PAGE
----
Which movie is the most well-made Marvel movie? Not which was your favorite or which was the most successful, but which one is genuinely the best stand-alone film? Before this month, most Marvel fans might have said Captain America: The Winter Soldier.
It realizes the importance of character and relationship development, it's the only Marvel movie to really nail Natasha's character down, it's dramatic, well-written, and well-paced. For many Marvel fans, it's the obvious choice.
That is, until Thor: Ragnarok came out last weekend. Ragnarok is essentially the opposite of The Winter Soldier, between its flashy, colorful aesthetic and humor-driven sensibility, but it has succeeded in ways past Marvel movies haven't been able to: it appeals not only to casual viewers but to people who explicitly don't like Marvel's films.
So what did director Taika Waititi do that got it right?
One of the most obvious differences between Ragnarok and previous Marvel movies is the color scheme. Every Marvel movie in the past five years has been desaturated and gray, The Winter Soldier included, as if this might enhance the reality or drama of it all.
Waititi's film, on the other hand, shoots for bold colors and high contrast, an aesthetic that is reflected in the fact that nothing in the film is dull. The plot, the characters, the humor, the finale -- everything is embellished and with purpose.
This contrast between gray and color is most clearly seen in that fact that Ragnarok is genuinely funny. Nearly every Marvel movie sticks to a sarcastic sense of humor, and one-liners seem to be the only currency they deal in. Basically, no matter what character is talking, they get varying degrees of the Iron Man sense of humor.
Waititi's previous films, from Two Cars, One Night (2005) to Hunt For The Wilderpeople (2016), share a sense of humor reviewer Dan Taipua brands "Kiwi humor," a sense of humor that is "distinctly Māori" that carries into Ragnarok. It is deadpan and deprecating, yes, but it is also situational and made up of actual jokes, for once.
Ragnarok doesn't abandon character development for the sake of comedy or plot, though. Every character is at their peak in this movie, especially Thor, who most writers have difficulty utilizing to his full potential. His cocky, slightly oblivious personality is hard to nail and apparently hard to make compelling, but Waititi decision to knock Thor down and let him find his way back combined with his biting sense of humor allows Thor to develop without sacrificing or changing what other writers managed to put into him.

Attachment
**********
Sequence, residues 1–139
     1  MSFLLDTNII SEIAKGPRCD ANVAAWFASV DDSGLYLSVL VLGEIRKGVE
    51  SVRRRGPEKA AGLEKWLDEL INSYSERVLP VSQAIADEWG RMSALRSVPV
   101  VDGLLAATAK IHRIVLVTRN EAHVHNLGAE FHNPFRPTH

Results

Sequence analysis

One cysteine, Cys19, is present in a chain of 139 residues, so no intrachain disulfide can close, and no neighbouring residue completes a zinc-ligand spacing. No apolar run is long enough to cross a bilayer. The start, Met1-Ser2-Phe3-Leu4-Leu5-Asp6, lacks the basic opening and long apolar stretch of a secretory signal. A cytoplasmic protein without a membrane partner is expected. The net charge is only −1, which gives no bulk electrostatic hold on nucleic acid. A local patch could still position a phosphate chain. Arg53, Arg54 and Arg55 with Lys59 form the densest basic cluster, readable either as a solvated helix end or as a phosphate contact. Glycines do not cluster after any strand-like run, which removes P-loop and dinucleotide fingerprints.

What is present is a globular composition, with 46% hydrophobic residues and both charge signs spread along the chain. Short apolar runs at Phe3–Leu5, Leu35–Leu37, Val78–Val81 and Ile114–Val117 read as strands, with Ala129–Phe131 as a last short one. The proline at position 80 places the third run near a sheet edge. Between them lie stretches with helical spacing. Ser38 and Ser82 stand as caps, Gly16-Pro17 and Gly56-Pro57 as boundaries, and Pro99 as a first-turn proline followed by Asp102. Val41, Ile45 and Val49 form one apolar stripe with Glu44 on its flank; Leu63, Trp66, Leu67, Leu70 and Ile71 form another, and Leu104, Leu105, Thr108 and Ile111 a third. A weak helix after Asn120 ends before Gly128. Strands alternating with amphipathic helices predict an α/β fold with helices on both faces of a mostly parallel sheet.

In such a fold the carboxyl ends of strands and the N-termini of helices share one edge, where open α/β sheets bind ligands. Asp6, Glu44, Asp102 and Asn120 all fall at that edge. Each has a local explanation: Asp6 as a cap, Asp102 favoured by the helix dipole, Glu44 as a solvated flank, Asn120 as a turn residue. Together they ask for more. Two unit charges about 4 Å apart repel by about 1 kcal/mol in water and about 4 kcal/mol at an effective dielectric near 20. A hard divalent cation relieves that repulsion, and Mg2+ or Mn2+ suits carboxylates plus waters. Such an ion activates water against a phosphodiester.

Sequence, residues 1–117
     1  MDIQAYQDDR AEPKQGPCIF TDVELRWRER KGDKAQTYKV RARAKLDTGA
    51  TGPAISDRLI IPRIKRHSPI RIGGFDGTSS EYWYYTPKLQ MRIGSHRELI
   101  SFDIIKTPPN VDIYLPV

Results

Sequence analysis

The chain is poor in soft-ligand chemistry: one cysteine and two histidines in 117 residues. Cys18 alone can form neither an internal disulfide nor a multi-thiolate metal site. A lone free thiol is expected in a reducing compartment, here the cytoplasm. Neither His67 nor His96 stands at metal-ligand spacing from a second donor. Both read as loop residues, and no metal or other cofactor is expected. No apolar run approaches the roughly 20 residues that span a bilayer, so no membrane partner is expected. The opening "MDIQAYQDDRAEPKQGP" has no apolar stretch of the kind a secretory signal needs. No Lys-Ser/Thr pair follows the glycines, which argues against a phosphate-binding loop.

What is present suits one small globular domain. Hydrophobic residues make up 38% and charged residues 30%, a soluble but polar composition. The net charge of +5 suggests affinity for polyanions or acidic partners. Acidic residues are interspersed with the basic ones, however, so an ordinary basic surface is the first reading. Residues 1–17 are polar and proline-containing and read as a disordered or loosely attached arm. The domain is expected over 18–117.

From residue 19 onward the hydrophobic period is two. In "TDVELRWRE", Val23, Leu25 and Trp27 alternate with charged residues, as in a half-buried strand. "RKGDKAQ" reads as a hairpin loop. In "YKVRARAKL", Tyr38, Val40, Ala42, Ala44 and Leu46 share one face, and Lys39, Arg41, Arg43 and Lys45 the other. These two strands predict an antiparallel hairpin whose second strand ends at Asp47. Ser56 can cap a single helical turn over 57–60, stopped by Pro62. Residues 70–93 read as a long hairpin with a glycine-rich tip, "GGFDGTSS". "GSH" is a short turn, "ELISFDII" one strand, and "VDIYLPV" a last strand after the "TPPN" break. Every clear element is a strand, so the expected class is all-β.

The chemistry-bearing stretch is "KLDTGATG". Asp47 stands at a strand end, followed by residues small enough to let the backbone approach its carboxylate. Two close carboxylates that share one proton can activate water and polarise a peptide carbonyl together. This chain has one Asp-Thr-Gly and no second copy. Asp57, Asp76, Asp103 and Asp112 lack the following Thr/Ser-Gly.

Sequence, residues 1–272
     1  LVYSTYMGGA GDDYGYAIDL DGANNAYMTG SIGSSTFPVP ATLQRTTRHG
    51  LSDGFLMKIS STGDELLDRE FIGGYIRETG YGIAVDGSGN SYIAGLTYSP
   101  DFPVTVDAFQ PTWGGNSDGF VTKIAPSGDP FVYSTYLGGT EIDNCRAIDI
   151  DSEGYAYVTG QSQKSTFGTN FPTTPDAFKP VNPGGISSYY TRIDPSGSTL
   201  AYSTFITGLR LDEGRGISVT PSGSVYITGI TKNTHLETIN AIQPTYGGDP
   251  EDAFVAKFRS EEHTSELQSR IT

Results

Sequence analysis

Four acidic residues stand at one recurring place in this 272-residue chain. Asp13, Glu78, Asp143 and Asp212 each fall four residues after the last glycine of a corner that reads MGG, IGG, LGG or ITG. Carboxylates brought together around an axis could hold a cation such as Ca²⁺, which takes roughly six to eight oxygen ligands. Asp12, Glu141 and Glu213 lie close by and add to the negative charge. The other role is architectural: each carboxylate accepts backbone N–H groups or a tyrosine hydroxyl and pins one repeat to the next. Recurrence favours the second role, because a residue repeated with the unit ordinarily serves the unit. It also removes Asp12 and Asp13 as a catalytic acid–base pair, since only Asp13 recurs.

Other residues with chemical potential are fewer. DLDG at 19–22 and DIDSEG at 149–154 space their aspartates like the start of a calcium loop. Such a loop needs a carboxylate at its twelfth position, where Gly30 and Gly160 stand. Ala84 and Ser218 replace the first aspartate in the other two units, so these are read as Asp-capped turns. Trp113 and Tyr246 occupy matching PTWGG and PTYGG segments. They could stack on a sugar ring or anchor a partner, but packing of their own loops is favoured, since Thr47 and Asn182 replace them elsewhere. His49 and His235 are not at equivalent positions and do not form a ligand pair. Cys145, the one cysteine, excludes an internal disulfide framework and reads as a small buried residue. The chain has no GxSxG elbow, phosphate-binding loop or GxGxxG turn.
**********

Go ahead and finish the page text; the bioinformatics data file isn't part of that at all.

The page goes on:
At Thor's side stand Loki, who remains one of Marvel's most compelling characters thanks to Tom Hiddleston's Shakespearean sensibilities, Korg, a light-hearted rock creature played by Waititi himself, and Valkyrie, a refreshing female warrior played by Tessa Thomspon and one of Ragnarok's most important players.
Natasha's role was heavily praised for not being a love interest and being allowed to develop in The Winter Soldier, but Valkyrie takes it one step further by actually receiving her own character arc. Her character goes through the "former hero caught in a depression slump after losing loved ones in battle is called to action again" storyline that is often reserved for male heroes.
When it does come to plot, though, Waititi's use of comedy and character are its driving force. Waititi's films often combine comedy and adventure into aspects of the same genre, a technique that is largely why this film's finale works where other Marvel films don't.
So many superhero movies go too big in their third act and don't know how to stick the landing, but in creating such a vibrant, over-the-top world, Waititi's world-ending finale fits right in.
Taika Waititi essentially takes what exists as a vague idea in other Marvel movies and enhances it through Thor: Ragnarok. The energy, humor, and characters are elevated in a way no other Marvel movies has managed to succeed in. The film even manages to use music in a way other films haven't by using representative musical themes in the film's final moments, when "Sons of Odin" is brought back from the first movie.
Waititi is changing the game not by changing the rules, but by looking at them to see how he can make them better. Hopefully, Marvel will see the success this film has found and realize why the new answer to "Which is the most well-made Marvel movie?" is, without a doubt, Thor: Ragnarok.